Make sure the plane it not coming at you as the angle of the plane changes while the shutter is open. The nose or tail will go blurry, as they have a different relative speed towards the camera. Side-on works the best, as the angle of the plane hardly changes during the shot. Keep the motion fluent as Colin said and use a slow shutterspeed (<1/125th).

[Edited 2004-01-15 15:33:16]

[Edited 2004-01-15 15:47:43]

User currently offlineRotor1 From Tajikistan, joined Mar 2003, 230 posts, RR: 3
Reply 6, posted (10 years 10 months 2 weeks 2 days 22 hours ago) and read 2206 times:

They all make it sound so easy... and therein forget the most important step...

Set camera to drive mode. Hold down the shutter button and take lots and lots and lots and lots of pictures. If you take at least 1,000 photos, you should have 1-2 good ones  Big grin

I've found good pan-action hovers around 1/125 to 1/80th. Leave the lens as wide (backed out) as you can and still get the shot, which helps decrease blur from camera shake.

The best I've done has been 1/80th at about 400mm... it was a miracle the shot came out as well as it did:


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Photo © Mike "Rotor" Nowak



My goal is to eventually get a 1/4sec shot with the a/c perfectly sharp. One day...

Mike



The best aviation photo I've ever taken was rejected by Airliners.net
User currently offlineCkw From UK - England, joined Aug 2010, 765 posts, RR: 16
Reply 7, posted (10 years 10 months 2 weeks 2 days 20 hours ago) and read 2194 times:

Hold down the shutter button and take lots and lots and lots and lots of pictures

Something I've never done - an article I read a long time ago prejudiced me (probably irrationally  Smile) against motor drives. It put forward the arguement that even if you shot 10 frames/sec at, say, 1/100th, you still only have a 1 in 10 chance of catching the critical moment. For example, on an aircraft landing, relying on continous drive makes capturing the exact moment those tires touch the tarmac pretty remote.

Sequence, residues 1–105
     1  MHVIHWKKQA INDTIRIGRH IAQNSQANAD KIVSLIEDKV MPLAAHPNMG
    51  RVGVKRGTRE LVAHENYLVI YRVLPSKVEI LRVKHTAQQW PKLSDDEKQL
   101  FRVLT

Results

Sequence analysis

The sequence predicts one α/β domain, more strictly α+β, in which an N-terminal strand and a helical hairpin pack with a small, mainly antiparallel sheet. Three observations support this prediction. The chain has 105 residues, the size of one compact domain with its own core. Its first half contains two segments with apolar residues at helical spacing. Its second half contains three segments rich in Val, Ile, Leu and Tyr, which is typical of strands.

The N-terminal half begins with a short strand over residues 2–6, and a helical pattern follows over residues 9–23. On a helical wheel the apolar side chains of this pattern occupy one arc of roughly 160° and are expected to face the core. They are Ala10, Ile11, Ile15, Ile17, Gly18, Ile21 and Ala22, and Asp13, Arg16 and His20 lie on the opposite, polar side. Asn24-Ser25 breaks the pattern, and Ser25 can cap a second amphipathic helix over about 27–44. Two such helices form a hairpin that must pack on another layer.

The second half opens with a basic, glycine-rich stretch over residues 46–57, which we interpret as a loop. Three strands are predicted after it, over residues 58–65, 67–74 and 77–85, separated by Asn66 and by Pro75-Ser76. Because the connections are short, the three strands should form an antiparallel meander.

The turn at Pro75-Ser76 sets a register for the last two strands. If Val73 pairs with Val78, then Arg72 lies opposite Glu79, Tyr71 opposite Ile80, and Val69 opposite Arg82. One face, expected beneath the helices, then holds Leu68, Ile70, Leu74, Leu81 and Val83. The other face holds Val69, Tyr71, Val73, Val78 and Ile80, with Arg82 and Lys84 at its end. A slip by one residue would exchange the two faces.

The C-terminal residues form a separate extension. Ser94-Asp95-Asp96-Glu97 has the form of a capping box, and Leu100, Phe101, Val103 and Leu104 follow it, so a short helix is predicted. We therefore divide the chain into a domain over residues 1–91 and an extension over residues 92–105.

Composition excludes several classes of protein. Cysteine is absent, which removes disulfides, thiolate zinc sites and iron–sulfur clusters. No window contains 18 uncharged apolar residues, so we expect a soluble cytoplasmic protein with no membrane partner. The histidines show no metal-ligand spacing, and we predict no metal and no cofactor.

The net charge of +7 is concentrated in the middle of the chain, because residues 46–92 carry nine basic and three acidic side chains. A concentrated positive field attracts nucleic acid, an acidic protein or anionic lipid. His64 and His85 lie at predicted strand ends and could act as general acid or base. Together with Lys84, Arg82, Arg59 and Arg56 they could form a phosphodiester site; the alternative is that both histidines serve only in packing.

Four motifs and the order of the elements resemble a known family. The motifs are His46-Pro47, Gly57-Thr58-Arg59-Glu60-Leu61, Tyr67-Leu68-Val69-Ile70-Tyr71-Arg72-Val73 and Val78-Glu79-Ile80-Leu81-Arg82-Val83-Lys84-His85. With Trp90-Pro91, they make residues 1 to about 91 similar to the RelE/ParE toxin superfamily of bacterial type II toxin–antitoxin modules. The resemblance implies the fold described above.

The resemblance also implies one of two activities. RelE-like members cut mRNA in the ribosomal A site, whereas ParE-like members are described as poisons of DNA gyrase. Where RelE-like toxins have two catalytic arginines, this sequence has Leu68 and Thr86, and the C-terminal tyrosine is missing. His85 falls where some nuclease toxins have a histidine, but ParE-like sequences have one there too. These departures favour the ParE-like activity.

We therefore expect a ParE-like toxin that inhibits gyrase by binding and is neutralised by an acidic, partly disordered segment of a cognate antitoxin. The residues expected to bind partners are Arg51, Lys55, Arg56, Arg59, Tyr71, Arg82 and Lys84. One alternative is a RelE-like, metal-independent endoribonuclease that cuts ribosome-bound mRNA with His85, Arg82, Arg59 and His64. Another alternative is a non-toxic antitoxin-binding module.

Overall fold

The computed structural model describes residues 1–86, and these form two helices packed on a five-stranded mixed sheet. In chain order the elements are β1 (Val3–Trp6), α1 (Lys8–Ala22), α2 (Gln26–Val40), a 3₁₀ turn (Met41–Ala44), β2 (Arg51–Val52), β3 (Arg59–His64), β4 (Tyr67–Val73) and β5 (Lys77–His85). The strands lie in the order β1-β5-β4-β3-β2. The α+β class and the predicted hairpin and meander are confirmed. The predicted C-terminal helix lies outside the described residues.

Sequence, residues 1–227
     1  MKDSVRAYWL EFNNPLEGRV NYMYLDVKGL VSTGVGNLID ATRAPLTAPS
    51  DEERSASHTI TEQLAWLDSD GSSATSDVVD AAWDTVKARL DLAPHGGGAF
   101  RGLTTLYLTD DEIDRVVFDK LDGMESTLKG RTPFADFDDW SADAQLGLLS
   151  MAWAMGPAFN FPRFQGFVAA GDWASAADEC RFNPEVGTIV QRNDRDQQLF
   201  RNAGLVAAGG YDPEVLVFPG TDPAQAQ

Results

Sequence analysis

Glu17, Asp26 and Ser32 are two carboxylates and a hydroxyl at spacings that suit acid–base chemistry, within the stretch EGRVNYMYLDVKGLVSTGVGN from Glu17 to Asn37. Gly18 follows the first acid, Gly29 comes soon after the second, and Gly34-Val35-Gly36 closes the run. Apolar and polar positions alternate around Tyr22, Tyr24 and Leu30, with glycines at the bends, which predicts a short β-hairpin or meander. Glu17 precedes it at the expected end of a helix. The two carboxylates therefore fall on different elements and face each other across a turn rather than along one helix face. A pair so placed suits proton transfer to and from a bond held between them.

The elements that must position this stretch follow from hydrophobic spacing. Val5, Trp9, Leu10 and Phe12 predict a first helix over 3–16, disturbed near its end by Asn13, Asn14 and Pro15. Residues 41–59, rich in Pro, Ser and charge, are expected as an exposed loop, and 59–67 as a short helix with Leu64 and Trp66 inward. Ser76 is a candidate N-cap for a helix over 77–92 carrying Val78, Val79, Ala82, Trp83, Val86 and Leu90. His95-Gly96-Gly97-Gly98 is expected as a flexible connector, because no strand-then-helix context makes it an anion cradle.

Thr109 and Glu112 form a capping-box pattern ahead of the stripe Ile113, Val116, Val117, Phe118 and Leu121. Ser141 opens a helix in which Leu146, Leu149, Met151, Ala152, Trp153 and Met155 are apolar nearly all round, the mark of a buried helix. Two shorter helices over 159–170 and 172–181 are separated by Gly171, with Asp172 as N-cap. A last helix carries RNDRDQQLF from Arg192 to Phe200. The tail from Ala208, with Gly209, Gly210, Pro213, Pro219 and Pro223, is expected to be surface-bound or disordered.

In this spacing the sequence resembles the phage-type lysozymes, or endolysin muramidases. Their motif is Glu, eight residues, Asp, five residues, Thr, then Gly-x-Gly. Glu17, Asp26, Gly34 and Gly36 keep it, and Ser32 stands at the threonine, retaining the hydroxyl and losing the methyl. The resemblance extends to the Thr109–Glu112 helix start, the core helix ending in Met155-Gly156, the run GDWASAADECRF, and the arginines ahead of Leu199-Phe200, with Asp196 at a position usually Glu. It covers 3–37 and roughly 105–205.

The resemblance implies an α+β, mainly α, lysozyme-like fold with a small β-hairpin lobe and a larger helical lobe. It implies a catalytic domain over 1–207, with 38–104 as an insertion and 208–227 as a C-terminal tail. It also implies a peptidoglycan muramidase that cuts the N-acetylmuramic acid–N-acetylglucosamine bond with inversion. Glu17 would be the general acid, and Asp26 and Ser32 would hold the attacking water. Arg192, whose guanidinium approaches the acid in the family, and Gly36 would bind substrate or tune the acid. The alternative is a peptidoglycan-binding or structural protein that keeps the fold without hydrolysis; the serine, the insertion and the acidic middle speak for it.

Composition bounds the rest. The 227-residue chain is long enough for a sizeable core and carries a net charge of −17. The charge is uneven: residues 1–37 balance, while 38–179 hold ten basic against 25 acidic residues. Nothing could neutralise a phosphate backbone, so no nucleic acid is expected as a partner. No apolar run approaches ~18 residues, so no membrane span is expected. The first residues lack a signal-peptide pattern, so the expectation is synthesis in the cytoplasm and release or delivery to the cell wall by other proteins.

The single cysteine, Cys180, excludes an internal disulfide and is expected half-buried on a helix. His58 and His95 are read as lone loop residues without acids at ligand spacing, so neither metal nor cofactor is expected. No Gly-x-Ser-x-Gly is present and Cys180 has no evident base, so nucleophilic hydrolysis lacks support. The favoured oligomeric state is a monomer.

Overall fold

Of course most aircraft shots are not quite so time critical, and Mike's advice makes perfect sense - I sometimes wonder after the fact why I didn't keep my finger on the shutter. Old habits die hard.

Cheers,

Colin



Colin K. Work, Pixstel
User currently offlineAirportugal From Portugal, joined Nov 1999, 139 posts, RR: 11
Reply 8, posted (10 years 10 months 2 weeks 2 days 20 hours ago) and read 2189 times:

This is my first successful attempt at doing some motion blur shots.


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Photo © Luis Gonçalves



I set the speed to 1/80th and held the camera as steady as possible. I had to shoot 6 frames before getting a decent shot. And yes, the camera used was the EOS300D.

Luis G


User currently offlineJust_Plane_Mad From New Zealand, joined Mar 2002, 22 posts, RR: 0
Reply 9, posted (10 years 10 months 2 weeks 2 days 18 hours ago) and read 2166 times:

WOW ! thanks so much guys ! i'll b sure to give it a go and keep on practicing  Smile
Will Mallinson


User currently offlineKempa From Brazil, joined Aug 2003, 373 posts, RR: 0